Redbook made this film to convince advertisers that the magazine would help them attract the white suburban consumers they desired. The “happy go spending, buy it now, young adults of today” are depicted by the film as flocking to the suburbs to escape global and urban turmoil. Redbook Magazine, “In The Suburbs” (1957). Via The Internet Archive.
As Cold War tensions eased, exhibitions allowed for Americans and Soviets to survey the other’s culture and way of life. In 1959, the Russians held an exhibition in New York, and the Americans in Moscow. A videotaped discussion between Vice President Richard Nixon and Soviet Premier Nikita Kruschev, the so-called “Kitchen Debate,” won Richard Nixon acclaim at home for his articulate defense of the American standard of living. In the following extract from July 24, 1959, Nixon opened the American Exhibition in Moscow.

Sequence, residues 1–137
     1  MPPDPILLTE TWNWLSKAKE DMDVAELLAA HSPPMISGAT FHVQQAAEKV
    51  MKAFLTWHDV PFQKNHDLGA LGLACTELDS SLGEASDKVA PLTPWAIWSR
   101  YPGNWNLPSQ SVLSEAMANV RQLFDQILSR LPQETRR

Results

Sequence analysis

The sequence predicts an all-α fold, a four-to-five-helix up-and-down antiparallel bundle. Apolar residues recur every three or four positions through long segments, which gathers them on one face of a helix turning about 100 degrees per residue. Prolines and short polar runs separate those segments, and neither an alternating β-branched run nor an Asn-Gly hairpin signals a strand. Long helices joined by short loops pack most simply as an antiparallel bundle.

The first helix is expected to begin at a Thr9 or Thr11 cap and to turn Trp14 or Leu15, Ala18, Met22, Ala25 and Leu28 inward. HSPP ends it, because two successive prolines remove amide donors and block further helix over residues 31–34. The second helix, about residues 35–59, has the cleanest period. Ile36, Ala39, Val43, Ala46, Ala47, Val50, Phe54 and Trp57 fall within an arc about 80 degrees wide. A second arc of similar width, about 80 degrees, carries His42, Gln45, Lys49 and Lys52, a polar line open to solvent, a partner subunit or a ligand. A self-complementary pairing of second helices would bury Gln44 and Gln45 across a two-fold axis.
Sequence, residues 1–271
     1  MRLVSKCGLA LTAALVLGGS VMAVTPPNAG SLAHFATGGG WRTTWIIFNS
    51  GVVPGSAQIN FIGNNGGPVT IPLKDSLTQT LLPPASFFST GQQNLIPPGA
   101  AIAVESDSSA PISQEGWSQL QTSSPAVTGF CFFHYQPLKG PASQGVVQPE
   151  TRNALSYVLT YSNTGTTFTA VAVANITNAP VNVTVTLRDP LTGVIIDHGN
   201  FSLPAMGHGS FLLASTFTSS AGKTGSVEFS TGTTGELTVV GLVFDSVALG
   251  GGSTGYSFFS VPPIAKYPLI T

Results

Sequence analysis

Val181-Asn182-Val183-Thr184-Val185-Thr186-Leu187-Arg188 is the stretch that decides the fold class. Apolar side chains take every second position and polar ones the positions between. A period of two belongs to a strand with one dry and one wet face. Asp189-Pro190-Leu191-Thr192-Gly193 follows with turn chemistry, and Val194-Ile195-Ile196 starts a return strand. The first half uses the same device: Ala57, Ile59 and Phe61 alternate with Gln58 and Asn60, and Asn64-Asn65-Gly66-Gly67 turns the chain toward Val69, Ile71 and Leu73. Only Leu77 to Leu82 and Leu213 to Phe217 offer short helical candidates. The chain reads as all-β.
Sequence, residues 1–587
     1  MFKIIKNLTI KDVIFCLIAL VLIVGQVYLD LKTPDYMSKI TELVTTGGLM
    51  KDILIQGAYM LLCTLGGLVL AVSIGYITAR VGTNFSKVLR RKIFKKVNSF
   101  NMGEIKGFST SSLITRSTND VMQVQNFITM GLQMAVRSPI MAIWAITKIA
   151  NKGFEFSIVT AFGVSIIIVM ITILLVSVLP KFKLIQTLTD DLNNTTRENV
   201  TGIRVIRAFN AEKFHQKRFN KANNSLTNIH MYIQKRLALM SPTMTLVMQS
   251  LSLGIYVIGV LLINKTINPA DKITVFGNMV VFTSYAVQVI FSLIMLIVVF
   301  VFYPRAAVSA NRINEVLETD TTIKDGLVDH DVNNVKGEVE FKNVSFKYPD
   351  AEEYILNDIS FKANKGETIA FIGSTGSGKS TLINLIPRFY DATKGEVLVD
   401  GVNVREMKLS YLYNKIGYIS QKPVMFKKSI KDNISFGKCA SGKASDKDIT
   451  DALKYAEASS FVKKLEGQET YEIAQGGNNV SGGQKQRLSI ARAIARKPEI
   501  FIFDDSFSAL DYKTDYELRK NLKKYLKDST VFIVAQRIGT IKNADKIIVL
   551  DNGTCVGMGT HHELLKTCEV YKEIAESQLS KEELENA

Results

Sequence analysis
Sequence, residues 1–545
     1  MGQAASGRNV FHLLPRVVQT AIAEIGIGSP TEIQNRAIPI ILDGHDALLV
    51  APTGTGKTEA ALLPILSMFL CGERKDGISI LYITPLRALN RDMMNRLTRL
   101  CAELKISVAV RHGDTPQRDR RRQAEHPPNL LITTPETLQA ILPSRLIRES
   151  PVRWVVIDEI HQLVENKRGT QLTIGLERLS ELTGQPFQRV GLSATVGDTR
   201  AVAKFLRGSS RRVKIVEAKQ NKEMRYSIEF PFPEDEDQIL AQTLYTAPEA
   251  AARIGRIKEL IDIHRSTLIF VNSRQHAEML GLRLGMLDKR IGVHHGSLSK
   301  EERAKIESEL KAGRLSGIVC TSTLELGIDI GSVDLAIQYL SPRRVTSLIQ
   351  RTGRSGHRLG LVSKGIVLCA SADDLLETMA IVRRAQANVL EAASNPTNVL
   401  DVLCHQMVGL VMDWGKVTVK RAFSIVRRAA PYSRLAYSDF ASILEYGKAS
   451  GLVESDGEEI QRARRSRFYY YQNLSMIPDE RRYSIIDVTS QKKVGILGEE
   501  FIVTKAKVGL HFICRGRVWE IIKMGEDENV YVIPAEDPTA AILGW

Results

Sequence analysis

American Anti-Catholicism had softened in the aftermath of World War II, but no Catholic had ever been elected president and Protestant Americans had long been suspicious of Catholic politicians when John F. Kennedy ran for the presidency in 1960. (Al Smith, the first Catholic presidential candidate, was roundly defeated in 1928 owing in large part to popular anti-Catholic prejudice). On September 12, 1960, Kennedy addressed the Greater Houston Ministerial Association and he not only allayed popular fears of his Catholic faith, he delivered a seminal statement on the separation of church and state.
From the Birmingham jail, where he was imprisoned as a participant in nonviolent demonstrations against segregation, Dr. King wrote in longhand, in response to a public statement of concern and caution issued by eight white religious leaders of the South.
King gave his most memorable speech on August 28, 1963 on the steps of the Lincoln Memorial, during the March on Washington for Jobs and Freedom. A video of the speech is also available here.